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  • Common expenses T-W

    Details on claiming common nurse, midwife and direct carer expenses for:

    Technical or professional publications

    You can claim a deduction for the cost of journals, periodicals and magazines that have content sufficiently connected to your employment as a nurse, midwife or direct carer.

    Tools and equipment

    You can claim a deduction for tools and equipment if you use them to perform your duties as a nurse, midwife or direct carer.

    If a tool or item of equipment cost you $300 or less, and you use it for work only, you can claim a deduction for the whole cost in the year you purchased it. Otherwise, you can claim a deduction for the cost over the life of the item (that is; depreciation).

    If the item is part of a set that together cost more than $300, you can claim a deduction for the set over the life of the asset.

    If you also use the tool or item of equipment for private purposes, you can only claim the work-related portion.

    If you bought the tool or item of equipment part way through the year, you can only claim a deduction for the portion of the year that you owned it.

    You can also claim a deduction for the cost of repairs to tools and equipment.

    You can't claim a deduction for tools and equipment that are supplied by your employer or another person.

    See also:

    Travel expenses

    You can claim a deduction for the costs you incur on accommodation, meals and incidentals when you travel for work and sleep away from your home overnight.

    You can't claim a deduction for accommodation where you haven't incurred any accommodation expenses, because you sleep in accommodation provided by your employer.

    If you spent and are claiming a deduction up to the reasonable amount for meals we have set (on a meal by meal basis), you don't have to get and keep receipts.

    Each year, we set a reasonable amount for travel expenses. Generally, you are required to get and keep written evidence, such as receipts, when you claim a deduction for travel expenses. However, if you spent and are claiming:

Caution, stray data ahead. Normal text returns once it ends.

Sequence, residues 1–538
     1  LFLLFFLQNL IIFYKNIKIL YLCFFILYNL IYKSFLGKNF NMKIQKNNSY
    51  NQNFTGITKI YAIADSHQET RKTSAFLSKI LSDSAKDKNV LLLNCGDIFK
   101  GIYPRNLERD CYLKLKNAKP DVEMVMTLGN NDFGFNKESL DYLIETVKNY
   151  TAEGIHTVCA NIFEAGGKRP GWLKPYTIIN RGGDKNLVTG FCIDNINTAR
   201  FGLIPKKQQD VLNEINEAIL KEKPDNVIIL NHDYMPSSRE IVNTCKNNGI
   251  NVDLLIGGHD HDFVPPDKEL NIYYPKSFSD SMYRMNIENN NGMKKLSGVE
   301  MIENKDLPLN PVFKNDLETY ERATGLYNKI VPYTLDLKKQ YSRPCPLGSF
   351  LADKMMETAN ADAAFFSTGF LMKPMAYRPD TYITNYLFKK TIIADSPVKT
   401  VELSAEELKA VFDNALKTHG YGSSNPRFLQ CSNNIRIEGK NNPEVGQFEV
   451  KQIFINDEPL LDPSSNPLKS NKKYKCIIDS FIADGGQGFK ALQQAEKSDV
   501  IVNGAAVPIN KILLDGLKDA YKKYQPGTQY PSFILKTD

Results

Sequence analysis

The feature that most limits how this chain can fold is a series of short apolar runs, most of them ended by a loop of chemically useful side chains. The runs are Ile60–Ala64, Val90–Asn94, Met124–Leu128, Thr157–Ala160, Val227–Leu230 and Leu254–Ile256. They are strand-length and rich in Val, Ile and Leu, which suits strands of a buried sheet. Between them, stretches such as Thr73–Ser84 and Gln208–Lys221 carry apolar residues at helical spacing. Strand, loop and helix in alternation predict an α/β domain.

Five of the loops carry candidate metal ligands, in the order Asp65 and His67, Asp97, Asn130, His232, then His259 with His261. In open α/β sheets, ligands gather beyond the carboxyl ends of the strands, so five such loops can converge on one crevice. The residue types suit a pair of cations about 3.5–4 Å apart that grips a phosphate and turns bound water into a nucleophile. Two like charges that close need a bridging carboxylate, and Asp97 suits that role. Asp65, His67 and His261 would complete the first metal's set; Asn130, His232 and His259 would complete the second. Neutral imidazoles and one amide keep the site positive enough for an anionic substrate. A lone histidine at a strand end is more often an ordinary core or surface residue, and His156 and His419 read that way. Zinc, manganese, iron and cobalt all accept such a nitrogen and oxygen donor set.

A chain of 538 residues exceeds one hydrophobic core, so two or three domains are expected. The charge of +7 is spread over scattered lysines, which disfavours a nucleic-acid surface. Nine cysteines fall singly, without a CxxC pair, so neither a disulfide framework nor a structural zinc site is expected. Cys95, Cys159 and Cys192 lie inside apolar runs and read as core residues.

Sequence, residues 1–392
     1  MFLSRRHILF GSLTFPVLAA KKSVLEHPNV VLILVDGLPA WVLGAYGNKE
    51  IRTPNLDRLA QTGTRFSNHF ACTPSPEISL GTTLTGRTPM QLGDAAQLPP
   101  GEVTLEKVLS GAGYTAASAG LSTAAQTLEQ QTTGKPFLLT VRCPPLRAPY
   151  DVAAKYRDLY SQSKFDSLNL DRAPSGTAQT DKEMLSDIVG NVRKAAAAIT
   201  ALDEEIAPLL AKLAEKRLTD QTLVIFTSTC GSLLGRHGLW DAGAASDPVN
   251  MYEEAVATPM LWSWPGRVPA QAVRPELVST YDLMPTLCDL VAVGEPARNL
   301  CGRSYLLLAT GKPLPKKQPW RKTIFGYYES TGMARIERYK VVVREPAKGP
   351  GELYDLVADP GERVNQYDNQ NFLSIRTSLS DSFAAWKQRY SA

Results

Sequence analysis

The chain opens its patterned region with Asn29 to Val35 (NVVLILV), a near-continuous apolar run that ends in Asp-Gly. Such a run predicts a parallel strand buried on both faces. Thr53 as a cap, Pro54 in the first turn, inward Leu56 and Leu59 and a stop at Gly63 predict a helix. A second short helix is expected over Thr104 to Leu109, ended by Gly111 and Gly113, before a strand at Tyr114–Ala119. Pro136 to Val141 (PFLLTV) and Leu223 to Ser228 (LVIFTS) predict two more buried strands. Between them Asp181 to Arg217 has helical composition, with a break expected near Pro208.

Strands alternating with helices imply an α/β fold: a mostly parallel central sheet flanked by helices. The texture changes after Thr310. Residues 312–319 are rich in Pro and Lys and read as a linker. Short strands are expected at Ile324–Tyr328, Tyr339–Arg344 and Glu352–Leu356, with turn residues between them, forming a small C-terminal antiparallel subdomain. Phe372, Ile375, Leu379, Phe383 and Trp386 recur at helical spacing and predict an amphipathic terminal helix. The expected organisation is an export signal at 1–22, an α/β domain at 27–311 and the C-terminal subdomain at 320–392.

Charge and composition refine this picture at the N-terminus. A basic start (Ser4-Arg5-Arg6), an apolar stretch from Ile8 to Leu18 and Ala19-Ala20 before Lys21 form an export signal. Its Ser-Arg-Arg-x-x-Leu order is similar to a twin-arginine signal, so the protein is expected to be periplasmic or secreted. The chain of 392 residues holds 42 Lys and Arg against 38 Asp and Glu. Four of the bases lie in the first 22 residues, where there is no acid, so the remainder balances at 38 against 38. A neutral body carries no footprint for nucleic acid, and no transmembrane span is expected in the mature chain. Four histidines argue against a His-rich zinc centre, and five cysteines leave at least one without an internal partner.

• a deduction up to the reasonable amount, you don't have to get and keep receipts
    • more than the reasonable amount, you must get and keep receipts for all your expenses.

    Receiving an allowance from your employer doesn't automatically entitle you to a deduction. In all cases, you need to be able to show:

    • you were away overnight
    • you spent the money
    • the travel was directly related to earning your employment income
    • how you calculated your claim.

    See also:

    Union and professional association fees

    You can claim a deduction for union and professional association fees you pay. If the amount you paid is shown on your payment summary or income statement, you can use it to prove your claim.

    See also:

    Watches and timepieces

    You can't claim a deduction for the cost of purchasing and repairing an ordinary wristwatch, including waterproof watches. However, if your watch has special characteristics that you use for work or if you have a fob watch or stopwatch, you can claim a deduction. If the watch cost more than $300, you can only claim a deduction for a decline in value (depreciation).

    You can claim deductions for the cost of repairs, batteries and watchbands for special watches but your claim must be apportioned between private and work-related use.

    Working from home

    You can claim a deduction for the additional running expenses of an office or a study at home that you use to earn your income working as a nurse, midwife or direct carer.

    Running expenses include:

    • decline in value of home office equipment
    • the costs of repairs to your home office furniture and fittings
    • heating, cooling, lighting and cleaning expenses.

    You can’t claim occupancy expenses, such as rent, rates, mortgage interest and house insurance premiums. In limited circumstances, you may be able to claim a deduction if your home office is considered to be a 'place of business'. If your only income is paid to you as an employee, you aren't considered to be carrying on a business.

    Diary records noting the time the home office was used for work are acceptable evidence of a connection between the use of a home office and your work. You will need to keep diary records during a representative four-week period.

    The Home office expenses calculator helps calculate the amount you can claim as a deduction for home office expenses.

    See also:

    For more nurses, midwifes and direct carers' expenses, see:

    Find out about nurses, midwifes and direct carers':

    Record keeping

    You need to get and keep records of your expenses for which you want to claim deductions. This is usually a receipt but can be another form of written evidence (such as an invoice).